There are few things in life I like more than getting new computers delivered to my door. In this case it’s a review unit from the nice folks in the Dell Technologies business reviews side of the house. This particular unit is a reasonably tricked-out Precision 5500 Mobile Workstation, with a publicity still as the lead-in graphic above. It’s got a solid milled aluminum shell above and below, with a carbon fiber keyboard deck and very narrow bezels. As delivered, my review unit carries a retail price tag of US$4,181.15 (but with the holidays and Black Friday coming, and Dell’s occasional discounts, most buyers won’t have to pony up full list price).
Unboxing and Setup
I can say this is one of the easiest OOB experiences I’ve ever had with any laptop. Inside the cardboard shipping box, a second all-black “presentation box” opens with a magnetic catch. And presto — there’s the P5550. I had to read the instructions to identify the blank key at the top right of the keyboard as the on/off switch (it’s not labeled, because it’s also a fingerprint scanner from Goodix, a manufacturer hitherto unknown to me).
As with most pre-configured review units, it opened up into a local admin account with no password. That makes the handoff to reviewers super easy, and I quickly added a Microsoft account of my choosing (also with admin privileges). Once I figured out how to turn the unit on, I was impressed by its blazing speeds. I went from off to desktop in under 10 seconds; restart takes only a couple of seconds longer than that. This beats every other machine I own (including the 2018 vintage Lenovo X1 Extreme itself no slouch) by at least 5 or 6 seconds.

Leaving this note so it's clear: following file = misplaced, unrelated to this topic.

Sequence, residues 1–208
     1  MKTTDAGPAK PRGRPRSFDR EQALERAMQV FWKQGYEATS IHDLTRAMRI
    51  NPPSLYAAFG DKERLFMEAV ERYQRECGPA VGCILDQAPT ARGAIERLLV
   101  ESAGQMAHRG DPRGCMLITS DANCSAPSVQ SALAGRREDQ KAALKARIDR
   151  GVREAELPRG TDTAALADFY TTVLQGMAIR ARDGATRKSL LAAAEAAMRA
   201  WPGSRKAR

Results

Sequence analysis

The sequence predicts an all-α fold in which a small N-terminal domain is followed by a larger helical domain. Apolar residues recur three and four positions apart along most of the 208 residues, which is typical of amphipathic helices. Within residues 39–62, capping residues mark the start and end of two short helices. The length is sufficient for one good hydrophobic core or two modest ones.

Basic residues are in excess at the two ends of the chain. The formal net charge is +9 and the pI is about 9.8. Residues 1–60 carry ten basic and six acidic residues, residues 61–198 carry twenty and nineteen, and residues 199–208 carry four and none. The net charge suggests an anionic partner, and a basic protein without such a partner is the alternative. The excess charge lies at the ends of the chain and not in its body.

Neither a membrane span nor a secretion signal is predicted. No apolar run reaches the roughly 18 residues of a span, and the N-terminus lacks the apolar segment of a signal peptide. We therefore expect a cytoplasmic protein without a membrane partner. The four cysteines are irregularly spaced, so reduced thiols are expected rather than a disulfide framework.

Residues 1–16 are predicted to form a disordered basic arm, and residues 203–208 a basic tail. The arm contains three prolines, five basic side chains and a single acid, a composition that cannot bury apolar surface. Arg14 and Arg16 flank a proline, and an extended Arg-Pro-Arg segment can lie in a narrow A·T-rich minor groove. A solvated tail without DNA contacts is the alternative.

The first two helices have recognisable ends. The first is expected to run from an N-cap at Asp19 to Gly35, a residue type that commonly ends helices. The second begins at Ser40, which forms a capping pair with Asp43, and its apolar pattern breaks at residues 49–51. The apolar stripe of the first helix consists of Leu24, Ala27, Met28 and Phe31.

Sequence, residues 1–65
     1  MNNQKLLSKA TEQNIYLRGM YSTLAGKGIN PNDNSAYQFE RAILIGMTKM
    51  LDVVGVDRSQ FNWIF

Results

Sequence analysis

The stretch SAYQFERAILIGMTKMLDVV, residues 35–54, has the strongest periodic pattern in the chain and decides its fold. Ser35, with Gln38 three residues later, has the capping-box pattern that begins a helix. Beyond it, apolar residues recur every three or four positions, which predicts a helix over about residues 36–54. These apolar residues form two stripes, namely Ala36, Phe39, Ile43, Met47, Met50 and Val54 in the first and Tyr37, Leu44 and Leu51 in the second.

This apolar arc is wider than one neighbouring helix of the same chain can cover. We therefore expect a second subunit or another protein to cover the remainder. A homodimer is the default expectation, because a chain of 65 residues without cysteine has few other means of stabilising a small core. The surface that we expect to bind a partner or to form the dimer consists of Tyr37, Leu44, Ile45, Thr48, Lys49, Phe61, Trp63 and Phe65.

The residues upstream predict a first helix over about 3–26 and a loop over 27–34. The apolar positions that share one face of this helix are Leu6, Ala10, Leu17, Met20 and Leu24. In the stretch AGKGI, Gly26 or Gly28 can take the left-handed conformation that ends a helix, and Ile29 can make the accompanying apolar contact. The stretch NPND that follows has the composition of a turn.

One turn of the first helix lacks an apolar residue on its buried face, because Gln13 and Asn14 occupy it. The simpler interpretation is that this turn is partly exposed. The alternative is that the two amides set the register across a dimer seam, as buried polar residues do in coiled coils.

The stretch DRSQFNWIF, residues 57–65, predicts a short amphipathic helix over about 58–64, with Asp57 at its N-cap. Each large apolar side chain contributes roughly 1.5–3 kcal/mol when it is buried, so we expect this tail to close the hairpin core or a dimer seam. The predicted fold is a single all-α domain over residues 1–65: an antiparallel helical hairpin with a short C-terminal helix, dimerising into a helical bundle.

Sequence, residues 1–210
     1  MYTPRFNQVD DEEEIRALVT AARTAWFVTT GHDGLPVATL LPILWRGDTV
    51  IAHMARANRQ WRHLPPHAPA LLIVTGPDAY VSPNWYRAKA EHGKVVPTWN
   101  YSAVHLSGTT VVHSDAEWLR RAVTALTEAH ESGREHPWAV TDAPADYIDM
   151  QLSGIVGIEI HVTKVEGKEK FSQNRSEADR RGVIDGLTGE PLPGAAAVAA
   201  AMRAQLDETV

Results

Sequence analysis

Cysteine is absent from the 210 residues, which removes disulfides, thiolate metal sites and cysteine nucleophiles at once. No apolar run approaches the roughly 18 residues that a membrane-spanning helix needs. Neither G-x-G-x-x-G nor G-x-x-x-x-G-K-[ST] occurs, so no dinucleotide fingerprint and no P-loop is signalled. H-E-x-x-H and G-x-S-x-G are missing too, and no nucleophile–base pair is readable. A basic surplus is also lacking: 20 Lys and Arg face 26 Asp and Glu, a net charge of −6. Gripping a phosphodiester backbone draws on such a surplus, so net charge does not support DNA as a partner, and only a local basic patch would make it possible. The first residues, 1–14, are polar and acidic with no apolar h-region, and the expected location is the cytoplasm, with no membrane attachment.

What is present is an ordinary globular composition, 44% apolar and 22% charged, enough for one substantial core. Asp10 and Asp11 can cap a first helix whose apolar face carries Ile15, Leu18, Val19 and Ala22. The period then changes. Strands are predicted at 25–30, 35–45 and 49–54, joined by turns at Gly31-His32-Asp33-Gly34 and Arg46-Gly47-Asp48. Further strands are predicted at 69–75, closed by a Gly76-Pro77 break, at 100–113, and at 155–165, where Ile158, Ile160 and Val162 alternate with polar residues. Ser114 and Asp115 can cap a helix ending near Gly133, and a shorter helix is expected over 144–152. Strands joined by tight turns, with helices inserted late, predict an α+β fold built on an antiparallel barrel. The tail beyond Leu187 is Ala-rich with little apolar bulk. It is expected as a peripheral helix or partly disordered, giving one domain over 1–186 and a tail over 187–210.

Working with the Hello technologies supported on the unit was also easy and friendly (though I did have a little learning curve to climb in figuring out how to capture the tops and sides of my forefinger’s front digit for the fingerprint scan). Setting up the Hello Camera — which shows up in Device Manager as Windows Hello Face Software Device and is pretty sparing with information about the maker — was also quick and easy, noticeably faster than the same setup on the X1 Extreme (my only other Hello Face equipped device at present). I used Chocolatey to install “a bunch of stuff” on the P5550, and was pleasantly surprised by the lack of bloatware on the PC as provided.
Conveniently, all the built-in Dell tools start with Dell in their program names. I had 5 at first, and the Document Hub showed up this morning.
Low Bloatware Utility Package
Dell includes a handful of its own utilities as part of the initial configuration including those depicted in the Start Menu screen cap above. Here’s a capsule summary for each one, in order of appearance:
+ Dell Command|Update: checks online for the latest BIOS, Driver, firmware and Dell application updates for your PC. If it finds any, downloads and installs them as well. Reads service tag info automatically.
+ Dell Digital Delivery: provides download and software purchased from Dell. A crafty way to avoid installing real bloatware on PCs, it’s currently offering a copy of McAfee Small Business (30-day-trial) to those who want it. Not me!
+ Dell Document Hub: a so-called “digital collaboration tool” that can use cloud-based OCR to convert scanned documents to editable files. Picked up my network based Dell 2155cn Color Laser AIO without difficulty, too.